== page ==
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Ecological manure: a sound investment in fertility management

by Roger Henry

Harry Elsinga of Brookwater Farm, is a dairy farmer in central Prince Edward Island. He produces all his forage and some of the cereal requirement for his herd of 50 registered Holsteins. In the latter 1980s, he became interested in a more ecological farm management system for his cows, both for production of feed and herd health in the barn.

One of the first steps in the transition to ecological farming is to develop a proper manure management system. In 1988, Elsinga decided to install a liquid compost system to contain the manure runoff from the manure storage area.

Prior to 1980, the manure handling system at Brookwater Farm consisted of a hydraulic ram which pumped the manure from the dairy barn into a collection yard (a cement pad with a clay berm around it). The manure had a semi-solid consistency and was relatively difficult to handle. During the spring and fall seasons, a considerable amount of liquid was lost to nun-off. In 1988 Elsinga installed a belowground, aerated cement tank in the lowest side of the cement pad, into which the liquid manure now drains directly. It is collected and then aerated each spring to produce a liquid compost. The draining of the liquid leaves a solid manure on the pad, which also composts on its own. Consequently, Elsinga has solid and liquid compost to apply to his land instead of the raw slurry he had before.

The liquid manure is converted to liquid compost by aeration, fine bubbles of air being pumped into the liquid during the warm months of the year. During this period of approximately 2 months, air is pumped in for several minutes each half hour, around the clock. This produces a liquid compost which has very little odour, with nutrients in a more stable form, thus preventing losses to the atmosphere. This product is then ready for field application after the hay crop is removed.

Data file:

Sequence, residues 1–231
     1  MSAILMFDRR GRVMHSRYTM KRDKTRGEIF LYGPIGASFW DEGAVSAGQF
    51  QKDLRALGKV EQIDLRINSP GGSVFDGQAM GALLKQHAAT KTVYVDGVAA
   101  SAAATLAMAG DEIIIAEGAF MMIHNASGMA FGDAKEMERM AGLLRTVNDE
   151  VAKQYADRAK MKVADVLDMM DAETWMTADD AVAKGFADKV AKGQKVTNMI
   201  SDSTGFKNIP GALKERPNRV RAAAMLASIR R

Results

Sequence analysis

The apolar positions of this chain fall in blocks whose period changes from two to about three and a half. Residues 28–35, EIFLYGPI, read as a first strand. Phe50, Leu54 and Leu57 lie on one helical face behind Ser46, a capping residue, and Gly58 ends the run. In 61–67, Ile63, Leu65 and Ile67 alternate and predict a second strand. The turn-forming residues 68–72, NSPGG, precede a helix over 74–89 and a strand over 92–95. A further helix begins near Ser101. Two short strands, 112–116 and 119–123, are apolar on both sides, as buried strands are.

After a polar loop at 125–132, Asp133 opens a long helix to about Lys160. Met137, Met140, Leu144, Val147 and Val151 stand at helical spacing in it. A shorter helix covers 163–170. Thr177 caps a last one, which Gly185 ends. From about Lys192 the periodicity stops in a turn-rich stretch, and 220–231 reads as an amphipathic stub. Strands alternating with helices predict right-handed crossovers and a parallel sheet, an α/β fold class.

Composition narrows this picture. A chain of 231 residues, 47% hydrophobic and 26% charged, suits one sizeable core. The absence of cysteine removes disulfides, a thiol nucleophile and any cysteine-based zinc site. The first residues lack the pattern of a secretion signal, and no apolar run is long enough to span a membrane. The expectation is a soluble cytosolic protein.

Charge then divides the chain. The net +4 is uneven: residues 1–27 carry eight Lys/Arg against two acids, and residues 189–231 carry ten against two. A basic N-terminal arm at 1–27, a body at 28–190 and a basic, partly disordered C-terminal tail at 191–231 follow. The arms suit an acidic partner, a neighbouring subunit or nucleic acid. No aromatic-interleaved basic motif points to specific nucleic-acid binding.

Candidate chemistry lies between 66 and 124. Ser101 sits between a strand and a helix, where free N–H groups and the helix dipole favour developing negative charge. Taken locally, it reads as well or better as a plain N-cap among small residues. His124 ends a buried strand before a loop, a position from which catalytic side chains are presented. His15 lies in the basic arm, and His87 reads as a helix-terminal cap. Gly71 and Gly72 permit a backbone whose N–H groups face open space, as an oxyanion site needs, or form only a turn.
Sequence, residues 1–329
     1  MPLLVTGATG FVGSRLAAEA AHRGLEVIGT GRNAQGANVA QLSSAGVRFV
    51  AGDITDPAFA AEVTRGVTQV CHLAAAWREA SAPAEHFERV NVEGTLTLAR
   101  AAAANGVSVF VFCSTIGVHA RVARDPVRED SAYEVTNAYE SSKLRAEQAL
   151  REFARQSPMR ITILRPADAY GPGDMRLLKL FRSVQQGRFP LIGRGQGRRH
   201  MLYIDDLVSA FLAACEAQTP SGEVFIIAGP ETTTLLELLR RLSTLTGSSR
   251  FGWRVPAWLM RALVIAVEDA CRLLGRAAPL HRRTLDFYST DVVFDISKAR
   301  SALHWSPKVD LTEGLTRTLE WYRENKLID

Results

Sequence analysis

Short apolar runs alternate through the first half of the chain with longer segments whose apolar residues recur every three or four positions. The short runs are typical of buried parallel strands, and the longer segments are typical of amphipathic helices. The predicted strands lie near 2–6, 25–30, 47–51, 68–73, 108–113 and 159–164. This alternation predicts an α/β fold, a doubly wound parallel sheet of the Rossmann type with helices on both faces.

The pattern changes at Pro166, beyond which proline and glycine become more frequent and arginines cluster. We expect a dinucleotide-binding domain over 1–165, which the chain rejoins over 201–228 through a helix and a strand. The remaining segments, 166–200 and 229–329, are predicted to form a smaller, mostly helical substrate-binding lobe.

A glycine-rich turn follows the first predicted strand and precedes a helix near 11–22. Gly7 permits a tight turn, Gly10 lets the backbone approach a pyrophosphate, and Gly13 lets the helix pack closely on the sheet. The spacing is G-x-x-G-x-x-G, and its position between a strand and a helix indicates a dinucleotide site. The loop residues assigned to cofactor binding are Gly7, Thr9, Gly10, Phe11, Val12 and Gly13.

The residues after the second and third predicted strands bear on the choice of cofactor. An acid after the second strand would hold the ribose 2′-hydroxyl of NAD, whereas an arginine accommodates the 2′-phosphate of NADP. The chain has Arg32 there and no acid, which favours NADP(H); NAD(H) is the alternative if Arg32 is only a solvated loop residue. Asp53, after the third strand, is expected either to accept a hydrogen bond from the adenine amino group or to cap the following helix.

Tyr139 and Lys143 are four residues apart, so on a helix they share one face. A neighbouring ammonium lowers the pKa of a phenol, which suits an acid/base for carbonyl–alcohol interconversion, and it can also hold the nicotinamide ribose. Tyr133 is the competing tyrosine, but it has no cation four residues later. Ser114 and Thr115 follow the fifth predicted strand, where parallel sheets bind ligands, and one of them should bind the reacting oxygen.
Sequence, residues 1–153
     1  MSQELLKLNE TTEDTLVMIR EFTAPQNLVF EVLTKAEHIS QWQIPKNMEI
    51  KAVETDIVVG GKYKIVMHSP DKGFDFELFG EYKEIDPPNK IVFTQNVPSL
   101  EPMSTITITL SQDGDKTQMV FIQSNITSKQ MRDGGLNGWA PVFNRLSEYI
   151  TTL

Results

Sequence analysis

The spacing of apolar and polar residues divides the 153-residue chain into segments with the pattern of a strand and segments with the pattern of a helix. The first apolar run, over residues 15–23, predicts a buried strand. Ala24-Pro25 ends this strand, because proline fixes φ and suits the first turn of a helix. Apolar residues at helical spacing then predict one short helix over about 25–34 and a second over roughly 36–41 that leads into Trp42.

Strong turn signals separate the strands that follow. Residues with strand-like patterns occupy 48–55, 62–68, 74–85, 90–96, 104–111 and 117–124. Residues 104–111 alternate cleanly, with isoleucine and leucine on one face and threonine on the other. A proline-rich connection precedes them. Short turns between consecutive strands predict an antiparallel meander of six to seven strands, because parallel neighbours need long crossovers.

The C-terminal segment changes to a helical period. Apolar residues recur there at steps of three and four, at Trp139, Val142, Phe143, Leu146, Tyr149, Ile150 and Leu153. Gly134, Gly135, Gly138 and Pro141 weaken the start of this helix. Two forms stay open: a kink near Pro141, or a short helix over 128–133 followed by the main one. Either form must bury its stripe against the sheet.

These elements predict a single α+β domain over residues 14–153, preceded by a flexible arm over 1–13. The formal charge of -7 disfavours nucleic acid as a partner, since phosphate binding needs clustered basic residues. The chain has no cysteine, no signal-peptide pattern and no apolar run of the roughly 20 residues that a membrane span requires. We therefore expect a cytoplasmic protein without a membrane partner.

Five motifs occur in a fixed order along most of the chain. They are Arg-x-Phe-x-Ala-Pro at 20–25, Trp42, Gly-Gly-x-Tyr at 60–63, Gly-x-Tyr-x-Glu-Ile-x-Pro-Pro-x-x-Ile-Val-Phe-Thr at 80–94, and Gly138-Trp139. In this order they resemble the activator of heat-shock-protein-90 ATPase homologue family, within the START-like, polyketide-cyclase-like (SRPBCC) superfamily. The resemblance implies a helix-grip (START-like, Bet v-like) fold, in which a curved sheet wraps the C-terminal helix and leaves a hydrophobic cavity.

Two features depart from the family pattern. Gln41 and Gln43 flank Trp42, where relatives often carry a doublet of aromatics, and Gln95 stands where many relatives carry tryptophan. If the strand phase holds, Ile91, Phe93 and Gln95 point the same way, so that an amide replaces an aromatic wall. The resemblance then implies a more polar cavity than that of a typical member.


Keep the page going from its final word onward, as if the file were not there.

Elsinga applied the liquid compost after the second cut of alfalfa at a rate of 2,000 gallons/acre. Because the system retains the liquid manure, 180,000 gallons of liquid compost were available to spread on the alfalfa. In addition, the solid manure had essentially composted on its own without turning with a front-end loader and a manure spreader. This will be the third crop year using only compost as the fertility source, as the need for purchased fertilizer has been eliminated .

The fertility and solid manure equipment (less material handled more easily) savings have paid for the cement tank and aerator in 3 years. To date Elsinga has been very pleased with the yield results for alfalfa, barley, and oats. He has managed to maintain yields on all his crops at levels equal to those attained prior to his switch to ecological methods. He continues to experiment with alternatives in the area of animal health and feed additives, in the process maintaining herd performance.

Copyright 1990 REAP Canada

Reprinted with permission. All rights reserved.


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